Damian: Instead of cut and dry refunds, credits, or expiring credits or anything in between, all of your money back and nothing. It can be very confusing for the traveler, I think.
Janice: Right? Let’s say you get credit, and then the company goes belly up, then what? Then get in line with the creditors or fight with your insurance company. I didn’t realize that none of the credit cards covered pandemics under trip cancellation insurance; I had no idea. Now I was lucky. I had no issues getting any of the companies to refund my money, so I got lucky.
I’m also one person, and I wasn’t traveling with a family of five. Imagine not receiving thousands of dollars back from a canceled trip? That is very costly. Is anyone willing to risk paying $10,000 for a vacation they can’t take?
Damian: Yeah, I agree. What do you mention about watching what happens in other places, when they start to ease. Concerns and kind of getting the data from there. I think that makes a lot of sense. Is there another piece of information that would make you change your thoughts on this?
Janice: I would like to see any money that companies accept going into escrow accounts. I would like to see the government requiring it. I know Untamed Borders mentioned this recently where people who are traveling with them shouldn’t worry because the UK requires them to deposit the monies into an escrow account. So, a person who cancels could get a refund.
That’s nice because then you know that money is secure. I think companies need to start putting money in escrow accounts to ensure creditors can’t get their hands on it if a company does go belly up.
Customers are going to remember how companies handle this situation? People have a good memory and will remember who dealt with the problem well. Hilton is one company that dealt with the issues well. Conrad Singapore canceled my reservation with no problem and gave me a full refund. Hyatt did the same for a reservation I made for my son’s graduation that I canceled. I understand IHG is also fantastic. I think people are going to remember that because when they are taking a risk and maybe booking something that is refundable, they’re going to remember who meant refundable for refundable versus refundable, but not always. There shouldn’t be a footnote by the word refundable.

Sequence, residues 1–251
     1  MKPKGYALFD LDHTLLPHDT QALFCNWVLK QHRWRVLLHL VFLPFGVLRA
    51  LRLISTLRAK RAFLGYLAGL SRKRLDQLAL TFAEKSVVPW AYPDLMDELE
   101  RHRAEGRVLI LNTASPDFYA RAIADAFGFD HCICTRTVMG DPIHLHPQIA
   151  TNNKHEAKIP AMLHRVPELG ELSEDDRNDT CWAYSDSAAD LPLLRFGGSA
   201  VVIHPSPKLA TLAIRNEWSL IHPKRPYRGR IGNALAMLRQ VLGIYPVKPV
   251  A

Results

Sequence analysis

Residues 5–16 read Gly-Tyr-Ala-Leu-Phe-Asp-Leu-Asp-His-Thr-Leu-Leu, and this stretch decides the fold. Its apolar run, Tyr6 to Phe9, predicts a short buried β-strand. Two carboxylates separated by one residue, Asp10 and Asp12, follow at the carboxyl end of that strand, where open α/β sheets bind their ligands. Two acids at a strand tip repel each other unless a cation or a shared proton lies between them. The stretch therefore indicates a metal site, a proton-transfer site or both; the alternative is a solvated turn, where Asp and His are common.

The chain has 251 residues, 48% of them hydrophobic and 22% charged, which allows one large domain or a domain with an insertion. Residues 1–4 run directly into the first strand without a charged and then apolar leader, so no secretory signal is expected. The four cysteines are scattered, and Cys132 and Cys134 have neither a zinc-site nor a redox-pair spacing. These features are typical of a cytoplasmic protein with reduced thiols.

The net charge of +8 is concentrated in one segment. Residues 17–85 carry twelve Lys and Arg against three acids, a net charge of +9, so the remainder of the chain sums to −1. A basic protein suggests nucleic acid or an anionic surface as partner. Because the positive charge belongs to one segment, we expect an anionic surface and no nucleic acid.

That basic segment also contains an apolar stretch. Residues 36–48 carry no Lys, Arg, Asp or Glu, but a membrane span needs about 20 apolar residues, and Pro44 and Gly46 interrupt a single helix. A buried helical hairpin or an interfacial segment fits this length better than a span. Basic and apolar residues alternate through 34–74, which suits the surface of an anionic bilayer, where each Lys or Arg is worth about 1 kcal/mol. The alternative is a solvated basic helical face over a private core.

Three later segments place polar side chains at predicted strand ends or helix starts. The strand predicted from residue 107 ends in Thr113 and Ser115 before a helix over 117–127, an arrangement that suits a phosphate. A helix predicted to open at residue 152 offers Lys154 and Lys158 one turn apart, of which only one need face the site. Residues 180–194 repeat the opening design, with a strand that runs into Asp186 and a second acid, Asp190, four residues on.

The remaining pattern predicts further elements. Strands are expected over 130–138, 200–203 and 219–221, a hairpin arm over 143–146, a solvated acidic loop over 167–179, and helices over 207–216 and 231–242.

Damian: Yeah. Don’t make people find loopholes.
Janice: Right. I think that is why some of the people in the frequent flyer world abuse some of the rules. They feel the companies are doing loopholes on their end, so it opens the door for customers to do loopholes. The companies complain about customers exploiting loopholes, but they do the same thing when they change the definition of words and say, refundable doesn’t mean refundable. If you want customers to treat the company right, the company has to treat the customer correctly.
Damian: Agreed. Well, thank you for taking the opposing view here. I think your take on this certainly as somebody with the experience that you have will be very helpful to the listener. So I appreciate it.
Janice: Oh, my pleasure. I hope it was helpful. It’s just a personal opinion.
Damian: But, It’s a viewpoint from someone with certain experience and. And you are someone that wants to go back and travel again. So I think that accounts for a lot.
Janice: Well, thank you.
Damian: We’ll switch away from coronavirus. I really want to finish with some actionable tips and advice. The show is about helping people travel, worry-free, any general essential tips for traveling that you’d like to share?
Janice: Well, I think one is preparation. Even if I’m going to a cold-or warm weather place, I take one outfit of the opposite location. I don’t bring something heavy, but items I can layer. I’m going to a warm-weather place; I pack a lightweight hat, gloves, and a polar fleece to layer. And so that this way, I never caught if there’s a change in temperature.
I do the same with medicine. When I’m traveling, I always bring medicine along for food poisoning. I travel with powdered Pedialyte packets, which saved me more times than anything else. That stuff is excellent. So it’s
Damian: For dehydration.
Janice: Yes, dehydration. I don’t know if you’ve seen it, but they’re these like long tubes of powder Pedialyte, and you just dump it into a bottle of water.
Damian: Okay. Yeah.
Janice: The drink rehydrates you. Pedialyte isn’t available in every country, and it’s amazing when you are sick.
I also bring water shoes. So when I’m hiking, a lot of times, I don’t want to ruin my boots. Speedo water shoes make a big difference.
Damian: Any mistakes that you see a lot of travelers make that you can help them avoid?
Janice: One, I always bring multiple credit cards and ATM cards. If a machine eats my card, I have a backup plan. Not every country takes the same credit card. So I always have an Amex, Visa, and a MasterCard with me.
I confirm all flight times, especially the small airlines. The same is true for luggage weight. Airlines change the flights, and unlike an American airline where you get a notice on your app, small airlines don’t seem to notify people the same way. Double-checking is critical. An airline once changed the flight, didn’t inform me, I confirmed the flight and had no idea the time changed, so I was stranded. So check the flight time, even the morning of the flight.